You would think that my older kids would be better helpers in the kitchen than my youngest. While there are certain times and tasks where an older cook is amazing in the kitchen, here’s a fact:
My 5-year-old can’t be beat.
Are There Kitchen Chores for a 5-Year-Old?
5-year-olds should not be around sharp knives, hot stoves, or hot ovens. At first glance, it looks like they cannot be very helpful in the kitchen.
However, young kids are far more capable than we think.
Young children can help rip lettuce leaves into bite-size pieces or shred carrots. They can spread peanut butter on a slice of bread or slice a piece of cantaloupe with a butter knife.
Jet, my 5-year-old son, enjoys pouring his own yogurt and topping it with frozen blueberries and chia seeds in the morning. He gets his own bananas and peanut butter, and he uses the apple corer (with supervision) so he can have apples dipped in peanut butter.
My 5-year-old also brings two very important gifts to the kitchen: enthusiasm and excitement.
While my older kids are capable in the kitchen and enjoy making some of their favorite foods, no one can match Jet’s enthusiasm. He is the first to volunteer when I ask who wants to help me make dinner. He is the most enthusiastic batter-stirrer in the house, and he is the only kid who gets upset when we run out of dinner jobs and he can’t help tonight.
When is the Best Time to Teach Kids to Cook?
In our house, we start kids playing and learning in the kitchen as young as possible. This does not mean I give my kids a sharp knife at age three. Instead, I want to make the kitchen a positive place for them from the time they are babies.
My toddlers stand on a chair next to me while I cook. Babies sit on the floor and play with toys while I cook. My pre-schoolers stir the batter and play with peas on the counter.
If that sounds stressful, I feel ya. I don’t do this all the time. In fact, I am the kind of person who is happiest in the kitchen when I am by myself with my favorite music playing.
Sometimes cooking is my alone time. But when I am in the right mood, we make it a fun place for the whole family.
We don’t need to force our kids to cook. We can invite them. Believe in them. Empower them.
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Age-Appropriate Chores in the Kitchen for Young Kids
In our house, we try to make food prep and cooking a natural part of life, like brushing teeth and tidying toys. I do not expect my kids to get those tasks right all the time. Likewise, I do not expect them to get kitchen chores right all the time.
No one cooks perfectly at first, but the idea here is to empower our kids in the kitchen so that when they grow up and are responsible for feeding themselves, they can do it easily.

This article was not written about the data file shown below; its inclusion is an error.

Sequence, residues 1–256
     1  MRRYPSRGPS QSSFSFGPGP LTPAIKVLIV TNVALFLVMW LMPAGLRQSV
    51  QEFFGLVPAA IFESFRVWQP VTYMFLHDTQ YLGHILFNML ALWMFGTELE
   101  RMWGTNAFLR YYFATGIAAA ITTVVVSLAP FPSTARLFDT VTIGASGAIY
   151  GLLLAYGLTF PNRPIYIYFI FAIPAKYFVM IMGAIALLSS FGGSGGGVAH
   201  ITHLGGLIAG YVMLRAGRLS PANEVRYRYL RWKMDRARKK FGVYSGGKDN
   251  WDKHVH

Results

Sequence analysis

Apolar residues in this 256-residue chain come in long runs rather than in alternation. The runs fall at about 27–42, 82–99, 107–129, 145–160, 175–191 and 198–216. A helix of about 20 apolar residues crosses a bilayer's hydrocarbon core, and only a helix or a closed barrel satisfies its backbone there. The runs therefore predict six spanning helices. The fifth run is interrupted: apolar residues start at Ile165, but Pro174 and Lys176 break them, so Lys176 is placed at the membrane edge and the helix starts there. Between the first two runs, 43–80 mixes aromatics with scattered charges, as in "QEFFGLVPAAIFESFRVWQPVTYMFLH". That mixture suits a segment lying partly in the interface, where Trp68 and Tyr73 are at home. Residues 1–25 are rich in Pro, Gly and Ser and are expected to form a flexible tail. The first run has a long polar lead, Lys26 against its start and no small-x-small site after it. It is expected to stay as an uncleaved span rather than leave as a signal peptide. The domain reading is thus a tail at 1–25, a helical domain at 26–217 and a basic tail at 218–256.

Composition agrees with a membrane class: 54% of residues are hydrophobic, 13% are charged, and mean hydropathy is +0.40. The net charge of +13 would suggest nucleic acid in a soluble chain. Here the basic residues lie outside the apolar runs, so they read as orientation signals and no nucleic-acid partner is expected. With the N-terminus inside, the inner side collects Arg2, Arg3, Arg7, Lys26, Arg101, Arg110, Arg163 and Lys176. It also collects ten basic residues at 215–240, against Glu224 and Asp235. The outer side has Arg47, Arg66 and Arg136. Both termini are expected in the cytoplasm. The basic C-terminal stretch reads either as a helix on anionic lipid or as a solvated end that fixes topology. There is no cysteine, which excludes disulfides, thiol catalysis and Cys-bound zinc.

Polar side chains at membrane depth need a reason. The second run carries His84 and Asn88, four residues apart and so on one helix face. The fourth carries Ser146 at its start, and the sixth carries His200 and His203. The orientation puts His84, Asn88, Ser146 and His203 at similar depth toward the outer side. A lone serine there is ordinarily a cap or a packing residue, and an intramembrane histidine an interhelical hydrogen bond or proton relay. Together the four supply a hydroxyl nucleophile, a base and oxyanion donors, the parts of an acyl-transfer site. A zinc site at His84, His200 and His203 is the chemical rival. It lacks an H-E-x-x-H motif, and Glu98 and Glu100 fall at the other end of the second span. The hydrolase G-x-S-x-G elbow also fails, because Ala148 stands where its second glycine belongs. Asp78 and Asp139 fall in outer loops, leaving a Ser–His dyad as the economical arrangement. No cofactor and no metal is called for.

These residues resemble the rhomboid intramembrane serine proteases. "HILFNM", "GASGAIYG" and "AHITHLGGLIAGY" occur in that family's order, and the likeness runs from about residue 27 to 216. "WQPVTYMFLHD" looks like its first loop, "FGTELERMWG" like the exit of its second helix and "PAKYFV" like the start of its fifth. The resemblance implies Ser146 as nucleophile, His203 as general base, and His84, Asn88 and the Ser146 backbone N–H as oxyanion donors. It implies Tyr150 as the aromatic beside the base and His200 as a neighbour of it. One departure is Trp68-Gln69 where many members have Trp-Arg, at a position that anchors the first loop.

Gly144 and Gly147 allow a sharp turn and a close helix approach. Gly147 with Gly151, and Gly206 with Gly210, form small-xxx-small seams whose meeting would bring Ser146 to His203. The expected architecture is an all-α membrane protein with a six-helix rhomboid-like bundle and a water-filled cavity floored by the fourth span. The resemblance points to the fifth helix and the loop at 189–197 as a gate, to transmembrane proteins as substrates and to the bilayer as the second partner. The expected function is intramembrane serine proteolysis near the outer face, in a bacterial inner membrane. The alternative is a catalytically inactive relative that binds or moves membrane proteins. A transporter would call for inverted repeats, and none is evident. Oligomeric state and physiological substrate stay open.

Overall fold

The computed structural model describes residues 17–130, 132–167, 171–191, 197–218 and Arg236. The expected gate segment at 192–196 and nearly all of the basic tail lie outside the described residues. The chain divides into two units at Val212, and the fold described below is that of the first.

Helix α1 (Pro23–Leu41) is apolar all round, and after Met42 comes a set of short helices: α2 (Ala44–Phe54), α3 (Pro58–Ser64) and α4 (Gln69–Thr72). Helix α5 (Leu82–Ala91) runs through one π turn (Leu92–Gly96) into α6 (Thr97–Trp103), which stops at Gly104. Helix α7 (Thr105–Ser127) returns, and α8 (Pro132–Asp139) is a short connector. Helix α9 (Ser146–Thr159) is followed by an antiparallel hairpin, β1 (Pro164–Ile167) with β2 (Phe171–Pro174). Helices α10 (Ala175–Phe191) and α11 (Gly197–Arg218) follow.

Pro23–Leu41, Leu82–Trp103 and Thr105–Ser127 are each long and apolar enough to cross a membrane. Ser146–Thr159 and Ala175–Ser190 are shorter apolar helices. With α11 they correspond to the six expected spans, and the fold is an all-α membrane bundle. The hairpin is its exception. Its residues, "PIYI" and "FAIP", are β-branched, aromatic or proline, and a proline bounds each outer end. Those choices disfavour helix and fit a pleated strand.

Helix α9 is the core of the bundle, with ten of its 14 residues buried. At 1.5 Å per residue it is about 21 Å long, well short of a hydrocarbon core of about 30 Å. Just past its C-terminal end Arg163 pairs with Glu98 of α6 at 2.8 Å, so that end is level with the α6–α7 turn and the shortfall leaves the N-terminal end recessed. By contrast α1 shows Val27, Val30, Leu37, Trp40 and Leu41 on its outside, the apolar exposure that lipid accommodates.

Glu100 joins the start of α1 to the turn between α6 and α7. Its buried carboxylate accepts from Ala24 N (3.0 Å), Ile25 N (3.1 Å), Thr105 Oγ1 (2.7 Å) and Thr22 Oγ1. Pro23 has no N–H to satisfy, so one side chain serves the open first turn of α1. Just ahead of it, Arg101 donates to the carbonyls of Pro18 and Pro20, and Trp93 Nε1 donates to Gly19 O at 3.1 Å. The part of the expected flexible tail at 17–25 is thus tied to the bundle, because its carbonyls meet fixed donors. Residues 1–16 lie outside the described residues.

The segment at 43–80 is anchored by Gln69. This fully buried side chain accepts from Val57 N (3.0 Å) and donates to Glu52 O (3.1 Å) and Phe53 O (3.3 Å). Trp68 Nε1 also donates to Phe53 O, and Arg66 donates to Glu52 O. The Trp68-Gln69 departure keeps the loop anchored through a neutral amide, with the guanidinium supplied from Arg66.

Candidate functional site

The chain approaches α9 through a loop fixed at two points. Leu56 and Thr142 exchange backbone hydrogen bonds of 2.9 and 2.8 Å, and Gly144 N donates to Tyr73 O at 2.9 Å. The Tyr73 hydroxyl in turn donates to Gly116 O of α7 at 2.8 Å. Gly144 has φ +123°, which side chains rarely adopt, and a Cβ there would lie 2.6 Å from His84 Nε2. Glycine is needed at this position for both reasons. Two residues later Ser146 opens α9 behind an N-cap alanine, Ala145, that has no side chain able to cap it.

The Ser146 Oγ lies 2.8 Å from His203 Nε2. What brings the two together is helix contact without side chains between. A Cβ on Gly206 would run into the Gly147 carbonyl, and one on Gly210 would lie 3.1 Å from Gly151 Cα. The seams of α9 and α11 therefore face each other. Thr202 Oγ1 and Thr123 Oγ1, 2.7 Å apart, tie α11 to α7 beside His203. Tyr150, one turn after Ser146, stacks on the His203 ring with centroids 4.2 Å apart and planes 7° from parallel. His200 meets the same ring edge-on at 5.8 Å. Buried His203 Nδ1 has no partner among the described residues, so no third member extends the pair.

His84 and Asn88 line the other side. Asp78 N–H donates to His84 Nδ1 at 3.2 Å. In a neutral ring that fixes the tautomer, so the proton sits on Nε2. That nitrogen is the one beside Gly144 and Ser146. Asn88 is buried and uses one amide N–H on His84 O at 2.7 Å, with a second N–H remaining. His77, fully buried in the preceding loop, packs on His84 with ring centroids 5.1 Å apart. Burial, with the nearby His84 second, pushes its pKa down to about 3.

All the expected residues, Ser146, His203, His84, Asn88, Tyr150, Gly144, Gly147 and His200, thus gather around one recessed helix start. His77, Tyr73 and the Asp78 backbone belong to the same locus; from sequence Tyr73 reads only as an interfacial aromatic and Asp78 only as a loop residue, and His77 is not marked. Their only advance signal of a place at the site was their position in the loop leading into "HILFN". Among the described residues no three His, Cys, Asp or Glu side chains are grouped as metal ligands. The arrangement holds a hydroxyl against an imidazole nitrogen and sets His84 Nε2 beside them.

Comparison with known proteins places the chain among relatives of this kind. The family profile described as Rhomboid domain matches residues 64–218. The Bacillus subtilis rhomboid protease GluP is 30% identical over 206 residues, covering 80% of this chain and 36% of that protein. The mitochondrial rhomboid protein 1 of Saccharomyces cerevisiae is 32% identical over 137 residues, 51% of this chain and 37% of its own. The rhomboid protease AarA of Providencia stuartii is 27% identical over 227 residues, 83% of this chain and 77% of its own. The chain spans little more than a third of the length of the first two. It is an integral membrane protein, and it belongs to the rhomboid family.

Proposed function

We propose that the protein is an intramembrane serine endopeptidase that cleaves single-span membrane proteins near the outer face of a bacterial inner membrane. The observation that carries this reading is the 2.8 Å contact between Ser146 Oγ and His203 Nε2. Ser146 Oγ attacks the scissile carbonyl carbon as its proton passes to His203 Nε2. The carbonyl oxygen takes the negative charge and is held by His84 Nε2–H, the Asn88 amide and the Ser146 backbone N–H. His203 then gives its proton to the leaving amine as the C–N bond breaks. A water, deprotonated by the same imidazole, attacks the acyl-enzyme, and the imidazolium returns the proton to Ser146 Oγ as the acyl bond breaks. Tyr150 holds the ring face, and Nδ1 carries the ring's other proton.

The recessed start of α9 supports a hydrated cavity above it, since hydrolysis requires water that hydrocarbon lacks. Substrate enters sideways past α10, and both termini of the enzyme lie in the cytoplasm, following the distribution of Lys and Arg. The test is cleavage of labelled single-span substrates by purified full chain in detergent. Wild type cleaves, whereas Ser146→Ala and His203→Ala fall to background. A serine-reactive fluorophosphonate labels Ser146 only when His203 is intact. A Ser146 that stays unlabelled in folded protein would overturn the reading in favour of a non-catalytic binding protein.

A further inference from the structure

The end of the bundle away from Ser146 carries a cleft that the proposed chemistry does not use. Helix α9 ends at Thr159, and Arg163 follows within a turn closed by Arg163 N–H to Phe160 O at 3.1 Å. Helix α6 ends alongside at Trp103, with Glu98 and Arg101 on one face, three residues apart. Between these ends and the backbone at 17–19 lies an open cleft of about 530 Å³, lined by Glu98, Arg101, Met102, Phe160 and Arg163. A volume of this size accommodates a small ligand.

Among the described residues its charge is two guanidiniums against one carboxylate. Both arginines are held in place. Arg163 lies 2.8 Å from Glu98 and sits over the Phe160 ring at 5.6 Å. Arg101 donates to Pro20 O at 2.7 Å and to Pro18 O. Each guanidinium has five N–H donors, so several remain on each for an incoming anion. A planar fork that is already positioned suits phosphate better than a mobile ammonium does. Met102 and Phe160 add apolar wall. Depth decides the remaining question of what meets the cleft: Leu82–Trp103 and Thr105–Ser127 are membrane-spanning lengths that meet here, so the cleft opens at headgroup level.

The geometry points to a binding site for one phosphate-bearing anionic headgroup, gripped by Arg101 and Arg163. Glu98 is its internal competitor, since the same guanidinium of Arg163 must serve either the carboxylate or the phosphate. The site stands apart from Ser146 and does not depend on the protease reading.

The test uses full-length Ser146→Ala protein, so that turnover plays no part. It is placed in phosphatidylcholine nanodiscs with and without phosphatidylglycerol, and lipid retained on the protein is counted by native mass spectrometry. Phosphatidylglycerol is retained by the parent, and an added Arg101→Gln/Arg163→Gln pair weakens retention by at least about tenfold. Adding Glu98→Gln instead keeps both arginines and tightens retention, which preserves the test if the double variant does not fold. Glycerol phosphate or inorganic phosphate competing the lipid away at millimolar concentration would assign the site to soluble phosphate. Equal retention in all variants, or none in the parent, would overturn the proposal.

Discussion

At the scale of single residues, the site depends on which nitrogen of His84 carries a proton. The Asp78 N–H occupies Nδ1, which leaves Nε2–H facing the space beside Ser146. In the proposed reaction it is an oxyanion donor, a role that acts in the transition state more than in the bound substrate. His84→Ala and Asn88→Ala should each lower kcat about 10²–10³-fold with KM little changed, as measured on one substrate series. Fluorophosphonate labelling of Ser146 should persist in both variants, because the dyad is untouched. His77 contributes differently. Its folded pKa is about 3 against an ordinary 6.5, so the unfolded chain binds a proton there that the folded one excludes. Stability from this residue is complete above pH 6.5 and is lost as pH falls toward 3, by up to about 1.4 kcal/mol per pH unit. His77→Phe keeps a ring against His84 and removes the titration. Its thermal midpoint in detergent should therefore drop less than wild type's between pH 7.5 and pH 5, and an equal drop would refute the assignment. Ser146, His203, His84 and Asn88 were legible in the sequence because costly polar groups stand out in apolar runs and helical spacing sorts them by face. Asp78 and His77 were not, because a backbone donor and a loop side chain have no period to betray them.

Like I said, many kids are far more capable in the kitchen than we think.
The key is to stay open-minded and learn what they are capable of doing.
I learned about age-appropriate kitchen chores for my kids through Katie’s kids’ cooking course. I had no idea they were capable of so much until they watched a few classes and developed a solid foundation. After those first few classes, they took off in the kitchen, and they are still growing.
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Can’t see the video? View it here on YouTube.
What Can My 5-Year-Old Do in the Kitchen?
After a few minutes of instruction, my 5-year-old started helping with these tasks:
- Peeling carrots and cucumbers
- Chopping soft fruit with a butter knife
- Shredding cheese
- Ripping lettuce for salads
- Stirring and mixing the batter
- Measuring easy, unfussy ingredients – like chocolate chips or rice
- Measuring spices
- Spreading butter or peanut butter
My 5-year-old is also really good at:
- Building us up with enthusiasm and excitement
Which he insists on calling, “test tasting.”
He’s grown better and better with practice over the last few years.
With these skills my 5-year-old can help make these things in the kitchen:
- Fruit salad
- Scrambled eggs
- Dessert hummus
- Peanut butter & jelly sandwiches
- Sandwiches (here’s a homemade lunchmeat recipe!)
- and more!
Get Your Kids Helping in the Kitchen
Cooking is an important skill that kids will need as they grow. So just like we teach them how to clean their bedroom and brush their teeth, children should learn how to feed themselves good food that fuels their bodies well.
What my youngest son lacks in skill and knowledge, he makes up for in enthusiasm and excitement – which is a really great balance for the tween hormones in my older kids (moms of tweens, you with me?). God bless the 5-year-olds in the kitchen.